CAIRO -- An Egyptian
court found two defendants not guilty Thursday of performing female genital mutilation on a young girl that led to her death, crushing hopes that the government would crack down on the illegal but still widely practiced procedure.
The two defendants, Dr. Raslan Fadl and the father of 13 year-old Suheir El-Batea, had faced up to two years in prison. Suheir died in June 2013 following an operation that took place in Fadl's office.
"The ruling is an affront to the memory of the deceased," defense lawyer Reda El-Danbouki, who worked on the case, told CBS News. "Suheir will not rest easily in her grave."
The justification for the acquittal was not immediately clear. El-Danbouki said that the judge has yet to publicly release his legal reasoning behind the ruling.
It was supposed to be a landmark case, the first attempt in Egypt to prosecute someone for performing female genital cutting. Often referred to here as "female circumcision," Egypt outlawed the practice in 2008, but it persists. The United Nations estimates that more that 90 percent of Egyptian women have been subjected to the procedure.
Human rights groups and lawyers working on the case told CBS News that with all of the available evidence they had been expecting a guilty verdict.
"We had a very strong case with testimonies from the attorney general and the Ministry of Health; they clearly indicated the performance of FGM on Suheir's body," said Su'ad Abu Dayyeh, Middle East and North Africa consultant for the legal advocacy group Equality Now, one of the organizations that worked to bring the case to trial.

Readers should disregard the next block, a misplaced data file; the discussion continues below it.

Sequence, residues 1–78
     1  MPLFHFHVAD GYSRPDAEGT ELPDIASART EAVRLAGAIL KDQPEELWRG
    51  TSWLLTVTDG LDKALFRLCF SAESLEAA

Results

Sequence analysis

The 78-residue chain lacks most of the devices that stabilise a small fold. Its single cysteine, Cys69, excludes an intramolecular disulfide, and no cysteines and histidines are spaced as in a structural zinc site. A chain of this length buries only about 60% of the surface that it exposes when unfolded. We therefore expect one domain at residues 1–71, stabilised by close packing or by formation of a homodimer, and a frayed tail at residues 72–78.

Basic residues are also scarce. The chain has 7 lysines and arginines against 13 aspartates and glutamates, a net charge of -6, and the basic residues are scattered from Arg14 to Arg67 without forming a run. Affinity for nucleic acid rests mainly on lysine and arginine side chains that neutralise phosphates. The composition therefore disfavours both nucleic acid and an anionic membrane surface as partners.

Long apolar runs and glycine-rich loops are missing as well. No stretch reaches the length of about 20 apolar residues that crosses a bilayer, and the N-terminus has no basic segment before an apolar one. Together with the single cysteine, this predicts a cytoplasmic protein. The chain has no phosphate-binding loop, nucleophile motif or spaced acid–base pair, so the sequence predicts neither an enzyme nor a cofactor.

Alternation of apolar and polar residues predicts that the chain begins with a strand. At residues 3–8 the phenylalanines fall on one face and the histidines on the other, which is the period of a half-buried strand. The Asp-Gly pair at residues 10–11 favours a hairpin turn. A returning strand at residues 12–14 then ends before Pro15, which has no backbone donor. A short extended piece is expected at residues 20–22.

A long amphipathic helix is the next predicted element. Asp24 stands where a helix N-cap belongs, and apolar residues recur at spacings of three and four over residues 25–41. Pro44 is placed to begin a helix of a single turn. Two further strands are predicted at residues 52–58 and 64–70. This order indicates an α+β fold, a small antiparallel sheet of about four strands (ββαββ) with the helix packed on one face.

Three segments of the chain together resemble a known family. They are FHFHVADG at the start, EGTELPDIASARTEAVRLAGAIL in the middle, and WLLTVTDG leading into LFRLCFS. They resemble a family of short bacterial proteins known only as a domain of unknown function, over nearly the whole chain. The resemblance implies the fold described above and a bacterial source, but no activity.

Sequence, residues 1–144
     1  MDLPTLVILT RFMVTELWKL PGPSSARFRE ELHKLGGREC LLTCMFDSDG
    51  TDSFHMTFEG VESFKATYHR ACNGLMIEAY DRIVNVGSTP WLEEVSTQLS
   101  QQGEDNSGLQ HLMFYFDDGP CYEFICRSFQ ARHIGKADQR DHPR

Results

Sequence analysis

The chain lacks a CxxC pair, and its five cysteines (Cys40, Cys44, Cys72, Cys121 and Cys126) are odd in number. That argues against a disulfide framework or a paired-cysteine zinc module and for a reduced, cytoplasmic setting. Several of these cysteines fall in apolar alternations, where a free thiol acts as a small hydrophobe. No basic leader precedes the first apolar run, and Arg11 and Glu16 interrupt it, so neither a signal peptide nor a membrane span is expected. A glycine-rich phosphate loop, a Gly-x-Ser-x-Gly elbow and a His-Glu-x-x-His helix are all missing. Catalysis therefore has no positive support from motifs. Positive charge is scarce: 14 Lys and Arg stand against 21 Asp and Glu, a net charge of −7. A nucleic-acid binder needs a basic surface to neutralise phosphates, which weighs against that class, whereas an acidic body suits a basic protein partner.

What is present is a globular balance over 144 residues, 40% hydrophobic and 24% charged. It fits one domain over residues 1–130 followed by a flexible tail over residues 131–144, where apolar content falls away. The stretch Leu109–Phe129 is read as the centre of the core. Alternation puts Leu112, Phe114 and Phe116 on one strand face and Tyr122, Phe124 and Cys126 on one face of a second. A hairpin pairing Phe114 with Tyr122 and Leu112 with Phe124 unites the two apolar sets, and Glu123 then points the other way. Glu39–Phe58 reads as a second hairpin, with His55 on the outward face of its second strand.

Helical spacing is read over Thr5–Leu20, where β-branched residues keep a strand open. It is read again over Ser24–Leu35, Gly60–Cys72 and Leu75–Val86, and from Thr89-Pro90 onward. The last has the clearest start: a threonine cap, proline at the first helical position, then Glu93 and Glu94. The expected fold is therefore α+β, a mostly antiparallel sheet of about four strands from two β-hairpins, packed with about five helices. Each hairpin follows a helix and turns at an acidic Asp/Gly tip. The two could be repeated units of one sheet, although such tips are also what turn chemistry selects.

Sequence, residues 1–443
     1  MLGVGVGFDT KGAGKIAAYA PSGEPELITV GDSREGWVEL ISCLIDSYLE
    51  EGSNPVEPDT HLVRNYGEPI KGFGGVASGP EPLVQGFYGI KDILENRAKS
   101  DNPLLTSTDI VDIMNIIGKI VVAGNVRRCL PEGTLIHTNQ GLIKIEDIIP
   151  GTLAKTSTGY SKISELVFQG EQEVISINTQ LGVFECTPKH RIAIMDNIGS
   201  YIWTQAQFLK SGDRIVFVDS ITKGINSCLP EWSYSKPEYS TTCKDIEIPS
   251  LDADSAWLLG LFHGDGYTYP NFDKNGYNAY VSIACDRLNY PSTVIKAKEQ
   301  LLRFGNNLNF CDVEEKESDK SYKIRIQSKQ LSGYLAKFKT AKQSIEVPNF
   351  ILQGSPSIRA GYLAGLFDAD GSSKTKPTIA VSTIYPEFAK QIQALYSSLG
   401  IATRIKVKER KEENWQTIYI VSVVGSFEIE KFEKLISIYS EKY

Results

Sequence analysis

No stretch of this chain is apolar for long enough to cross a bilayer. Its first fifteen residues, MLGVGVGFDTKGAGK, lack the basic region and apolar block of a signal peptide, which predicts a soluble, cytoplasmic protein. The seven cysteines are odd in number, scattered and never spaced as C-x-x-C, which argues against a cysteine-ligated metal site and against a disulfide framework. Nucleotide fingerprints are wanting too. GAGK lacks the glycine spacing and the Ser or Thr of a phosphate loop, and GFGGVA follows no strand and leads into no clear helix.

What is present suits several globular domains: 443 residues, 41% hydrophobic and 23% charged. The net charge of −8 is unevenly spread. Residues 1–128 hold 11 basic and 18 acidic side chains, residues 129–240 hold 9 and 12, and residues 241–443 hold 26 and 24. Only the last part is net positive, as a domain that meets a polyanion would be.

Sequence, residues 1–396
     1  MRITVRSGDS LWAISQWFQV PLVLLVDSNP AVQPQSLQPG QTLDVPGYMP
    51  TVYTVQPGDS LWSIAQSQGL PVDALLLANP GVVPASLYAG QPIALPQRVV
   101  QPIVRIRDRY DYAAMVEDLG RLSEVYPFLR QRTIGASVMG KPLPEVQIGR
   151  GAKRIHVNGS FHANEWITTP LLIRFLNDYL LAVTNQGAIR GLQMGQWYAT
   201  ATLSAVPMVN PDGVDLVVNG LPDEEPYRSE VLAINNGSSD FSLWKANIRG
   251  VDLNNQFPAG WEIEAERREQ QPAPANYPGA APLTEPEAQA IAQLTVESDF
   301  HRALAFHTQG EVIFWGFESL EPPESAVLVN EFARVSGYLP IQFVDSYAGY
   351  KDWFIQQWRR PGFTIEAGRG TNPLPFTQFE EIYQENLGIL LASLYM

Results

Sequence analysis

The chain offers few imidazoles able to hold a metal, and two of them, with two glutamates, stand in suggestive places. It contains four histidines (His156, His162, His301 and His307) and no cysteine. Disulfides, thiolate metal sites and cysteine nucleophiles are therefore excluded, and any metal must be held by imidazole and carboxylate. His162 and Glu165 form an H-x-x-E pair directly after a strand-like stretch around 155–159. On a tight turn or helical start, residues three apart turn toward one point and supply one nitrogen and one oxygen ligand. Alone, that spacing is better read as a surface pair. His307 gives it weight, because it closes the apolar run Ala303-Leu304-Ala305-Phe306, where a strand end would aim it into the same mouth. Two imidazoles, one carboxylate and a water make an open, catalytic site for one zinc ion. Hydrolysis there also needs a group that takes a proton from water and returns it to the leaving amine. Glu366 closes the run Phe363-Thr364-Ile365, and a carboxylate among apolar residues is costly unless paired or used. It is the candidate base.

The hope, she said, was that a successful conviction would set an important legal precedent for 바카라사이트
going after those who continue to perform and facilitate the procedures.
"We were hoping ... [the verdict] would be a tool that women's groups and local organizations can use to make people aware about the FGM law and that these people, these doctors should be banned," Abu Dayyeh said.
Even though Egypt has outlawed it, there are still doctors and midwives who perform the operation, which has a long tradition principally in East and West African countries. Both Christian and Muslim communities are known to practice it, ostensibly because it is seen as curbing and controlling the sexual desires of women.
Getting the case to trial was a long and arduous process. Though Suheir's father initially filed a police report saying she died as a result of the procedure, the family later reconciled with the doctor and the father attempted to recant his original testimony, El-Danbouki said. Fadl reportedly paid a sum of money to the family.
Fadl continues to practice medicine. A recent visit by The Associated Press to his office found groups of young girls and their families in a Winnie the Pooh-bedecked waiting room inside the same building where Suheir's operation took place.
Even though she's discouraged, Thursday's ruling won't stop Abu Dayyeh's push for stauncher enforcement of Egypt's FGM law.
"We will not give up," she said. "We will use all mechanisms we can to pursue the doctor and the father."
Lawyer El-Danbouki said that the defense team will appeal the verdict.